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Too / Enough

Stating minimum and maximum requirements


The expressions "too" and "enough" are used to state opinions about what we think
is meets minimum and maximum requirements.

Too vs. Enough

ADJECTIVE + ENOUGH + INFINITIVE


TOO + ADJECTIVE + INFINITIVE PHRASE
PHRASE

Too means inadequate (not sufficient, below Enough means adequate; within what is
what is desirable) or excessive (above what is desirable
desirable).

Jill is too young to get her driver's Jill is old enough to get her driver's
license. (She cannot get it.) license. (She can get it.)
This work is too hard to do. (I cannot do it.) This work is easy enough to do. (I can do it.)
This orange is too bitter to eat. (I cannot eat it.) This orange is sweet enough to eat. (I can eat
it.)

Adequate means the same

NEGATIVE + TOO ENOUGH

Not too means adequate; within what is Not too = enough


desirable

Jill is not too young to get her driver's Jill is old enough to get her driver's license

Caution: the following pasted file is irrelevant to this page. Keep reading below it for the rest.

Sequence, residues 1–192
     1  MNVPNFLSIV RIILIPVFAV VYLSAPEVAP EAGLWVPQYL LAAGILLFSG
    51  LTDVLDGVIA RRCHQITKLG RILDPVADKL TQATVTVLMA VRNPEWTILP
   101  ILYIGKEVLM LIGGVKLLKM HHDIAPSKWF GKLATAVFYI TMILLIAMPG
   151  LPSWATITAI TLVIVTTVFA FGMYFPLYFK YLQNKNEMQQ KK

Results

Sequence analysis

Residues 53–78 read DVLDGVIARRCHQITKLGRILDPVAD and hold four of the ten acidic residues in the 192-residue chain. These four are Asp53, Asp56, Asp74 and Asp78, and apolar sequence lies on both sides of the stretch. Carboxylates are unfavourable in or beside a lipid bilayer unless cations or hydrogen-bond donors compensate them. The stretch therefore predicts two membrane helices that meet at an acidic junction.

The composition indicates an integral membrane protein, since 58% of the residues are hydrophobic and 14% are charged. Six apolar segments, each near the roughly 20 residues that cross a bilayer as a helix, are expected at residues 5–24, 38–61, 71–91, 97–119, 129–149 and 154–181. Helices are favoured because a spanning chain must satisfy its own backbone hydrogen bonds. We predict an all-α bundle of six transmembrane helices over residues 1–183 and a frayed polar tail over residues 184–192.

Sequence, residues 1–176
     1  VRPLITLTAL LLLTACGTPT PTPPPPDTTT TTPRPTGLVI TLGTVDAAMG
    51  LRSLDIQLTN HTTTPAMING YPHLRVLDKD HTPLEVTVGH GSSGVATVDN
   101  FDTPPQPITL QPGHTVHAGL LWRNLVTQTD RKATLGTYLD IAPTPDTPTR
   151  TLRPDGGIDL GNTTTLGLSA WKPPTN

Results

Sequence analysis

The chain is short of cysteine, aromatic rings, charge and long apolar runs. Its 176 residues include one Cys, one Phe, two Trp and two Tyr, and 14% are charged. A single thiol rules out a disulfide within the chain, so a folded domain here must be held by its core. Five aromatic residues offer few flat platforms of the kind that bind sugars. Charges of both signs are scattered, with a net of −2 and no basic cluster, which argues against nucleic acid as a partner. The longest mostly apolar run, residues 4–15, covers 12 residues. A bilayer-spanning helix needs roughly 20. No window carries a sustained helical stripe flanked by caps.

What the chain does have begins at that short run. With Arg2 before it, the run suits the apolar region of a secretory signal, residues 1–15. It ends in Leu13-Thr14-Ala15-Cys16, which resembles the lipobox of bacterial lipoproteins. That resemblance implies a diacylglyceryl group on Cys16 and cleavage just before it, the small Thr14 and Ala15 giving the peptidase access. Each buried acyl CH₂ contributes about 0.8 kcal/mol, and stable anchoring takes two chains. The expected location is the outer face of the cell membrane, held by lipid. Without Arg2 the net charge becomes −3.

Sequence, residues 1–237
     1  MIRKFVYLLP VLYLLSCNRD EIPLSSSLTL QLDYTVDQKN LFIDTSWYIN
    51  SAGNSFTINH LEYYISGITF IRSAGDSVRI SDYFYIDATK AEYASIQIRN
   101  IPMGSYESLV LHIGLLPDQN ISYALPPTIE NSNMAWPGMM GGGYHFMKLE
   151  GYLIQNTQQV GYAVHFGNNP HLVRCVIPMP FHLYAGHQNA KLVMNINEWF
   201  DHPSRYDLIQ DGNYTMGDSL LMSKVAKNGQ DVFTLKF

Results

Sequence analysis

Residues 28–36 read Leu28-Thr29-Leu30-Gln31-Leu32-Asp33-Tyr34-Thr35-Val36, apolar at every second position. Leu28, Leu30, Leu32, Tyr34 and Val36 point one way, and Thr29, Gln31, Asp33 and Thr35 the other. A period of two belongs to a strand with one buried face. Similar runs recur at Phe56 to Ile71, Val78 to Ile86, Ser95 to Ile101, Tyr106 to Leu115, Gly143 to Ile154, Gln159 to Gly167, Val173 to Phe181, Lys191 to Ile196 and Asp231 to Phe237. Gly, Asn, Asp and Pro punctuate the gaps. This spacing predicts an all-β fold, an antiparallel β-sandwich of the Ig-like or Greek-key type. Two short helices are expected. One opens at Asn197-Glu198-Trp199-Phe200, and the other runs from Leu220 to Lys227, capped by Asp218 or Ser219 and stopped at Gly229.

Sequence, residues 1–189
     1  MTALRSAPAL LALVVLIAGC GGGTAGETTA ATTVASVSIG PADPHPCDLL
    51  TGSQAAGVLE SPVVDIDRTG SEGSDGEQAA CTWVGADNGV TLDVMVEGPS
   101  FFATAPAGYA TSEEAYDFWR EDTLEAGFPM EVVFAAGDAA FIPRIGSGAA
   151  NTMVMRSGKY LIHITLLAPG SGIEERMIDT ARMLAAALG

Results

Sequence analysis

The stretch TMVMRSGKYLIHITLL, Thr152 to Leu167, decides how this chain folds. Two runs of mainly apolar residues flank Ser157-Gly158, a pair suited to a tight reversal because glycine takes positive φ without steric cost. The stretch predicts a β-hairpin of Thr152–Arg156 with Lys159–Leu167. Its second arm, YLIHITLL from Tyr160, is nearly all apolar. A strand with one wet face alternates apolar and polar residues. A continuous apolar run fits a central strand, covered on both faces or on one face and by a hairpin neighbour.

license. (She is within an allowable range.) .(She is within an allowable range.)
This work isn't too hard to do. (It is within a do- This work is easy enough to do. (It is within a
able range.) do-able range.)
This orange isn't too bitter to eat. (It is within a This orange is sweet enough to eat. (It is within
desirable range.) a desirable range.)

Inadequate or Excessive means almost the same

TOO NEGATIVE + ENOUGH

Use too before an adjective for an Use enough before an adjective for an
unacceptable, excessive amount. unacceptable, inadequate amount.

Jill is too young to get her driver's Jill isn't old enough to get her driver's
license. (She is under-age.) license. (She is under-age.)
Jill's grandfather is too old to keep his driver's Jill's grandfather isn't [young] competent